Don't let's

Laurence Horn laurence.horn at YALE.EDU
Thu Jan 17 00:38:13 UTC 2008

At 4:12 PM -0800 1/16/08, Benjamin Barrett wrote:
>For the record, I'm not drawing a correlation or stating they are the
>same, simply attempting to describe the reaction I have.
>Also for the record, here's what I originally wrote:
>>I'm American and I consider it ungrammatical. BB
>I think most of this thread was caused by my phrasing. I should have
>said "...and it's ungrammatical for me" as you suggest. I therefore make
>it so! Clearly, the way I wrote it implies a wide-ranging judgment that
>I didn't intend.
>FWIW, I'd in particular like to hear from people in their twenties or
>younger on "don't let's" as age may very well be a factor.

It's not only age, or geography.  My wife, who's 1.5 years older than
I am and also from N.Y. and Connecticut, is not a "don't let's"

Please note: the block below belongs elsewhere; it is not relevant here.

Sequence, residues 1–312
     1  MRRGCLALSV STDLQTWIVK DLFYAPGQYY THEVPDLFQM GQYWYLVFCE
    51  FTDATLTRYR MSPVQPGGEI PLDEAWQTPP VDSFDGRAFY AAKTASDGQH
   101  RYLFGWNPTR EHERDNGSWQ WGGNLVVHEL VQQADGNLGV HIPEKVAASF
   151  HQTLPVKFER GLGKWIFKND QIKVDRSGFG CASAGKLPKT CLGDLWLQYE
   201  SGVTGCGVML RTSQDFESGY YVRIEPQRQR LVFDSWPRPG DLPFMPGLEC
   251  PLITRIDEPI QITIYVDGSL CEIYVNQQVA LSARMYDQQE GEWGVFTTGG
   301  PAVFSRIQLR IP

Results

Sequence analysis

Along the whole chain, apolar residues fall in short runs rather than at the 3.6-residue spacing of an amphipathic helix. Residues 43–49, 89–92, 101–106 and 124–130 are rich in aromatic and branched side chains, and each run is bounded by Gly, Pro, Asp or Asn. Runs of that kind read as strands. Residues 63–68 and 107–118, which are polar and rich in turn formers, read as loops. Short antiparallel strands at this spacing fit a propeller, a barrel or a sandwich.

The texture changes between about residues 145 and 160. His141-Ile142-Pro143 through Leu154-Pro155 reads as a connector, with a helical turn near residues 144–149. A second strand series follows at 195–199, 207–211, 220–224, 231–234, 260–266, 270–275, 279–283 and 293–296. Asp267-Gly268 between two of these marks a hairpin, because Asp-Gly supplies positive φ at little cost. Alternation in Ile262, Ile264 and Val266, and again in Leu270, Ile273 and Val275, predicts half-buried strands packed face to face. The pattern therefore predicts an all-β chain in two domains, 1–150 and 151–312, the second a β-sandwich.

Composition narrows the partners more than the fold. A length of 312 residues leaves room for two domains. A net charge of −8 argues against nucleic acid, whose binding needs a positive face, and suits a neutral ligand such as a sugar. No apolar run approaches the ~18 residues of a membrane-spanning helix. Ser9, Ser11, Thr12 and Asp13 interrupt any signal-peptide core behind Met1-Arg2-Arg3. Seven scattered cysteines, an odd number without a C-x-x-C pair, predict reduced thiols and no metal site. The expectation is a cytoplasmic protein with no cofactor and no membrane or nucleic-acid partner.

speaker.  I'd ask my kids but they're not around at the moment, and
the cats are mum.


>Laurence Horn wrote:
>>At 2:33 PM -0800 1/16/08, Benjamin Barrett wrote:
>>>As far as I can tell, it seems to be akin to doubling up modals, similar
>>>to saying "I must should". (I know people use that in some dialects, but
>>>it is still seems ungrammatical for me.) BB
>>Well, it might be, but there's no correlation in terms of who finds
>>these grammatical.  (I don't speak double-modal natively, but I might
>>could learn.)  I'm still not sure (maybe this is what Ron was getting
>>at) that it makes sense to describe a construction that's widely
>>attested and that many speakers are comfortable with as
>>"ungrammatical" tout court, as opposed to "ungrammatical for me".
>>Maybe this is a tempest in a teapot, but while I'm already somewhat
>>uncomfortable with the use of "ungrammatical" for forms that are
>>dialectally restricted, I guess I'm especially sensitive to it when
>>it's my own dialect which is so characterized!  Don't let's quarrel
>>about terminology...
>The American Dialect Society -

The American Dialect Society -

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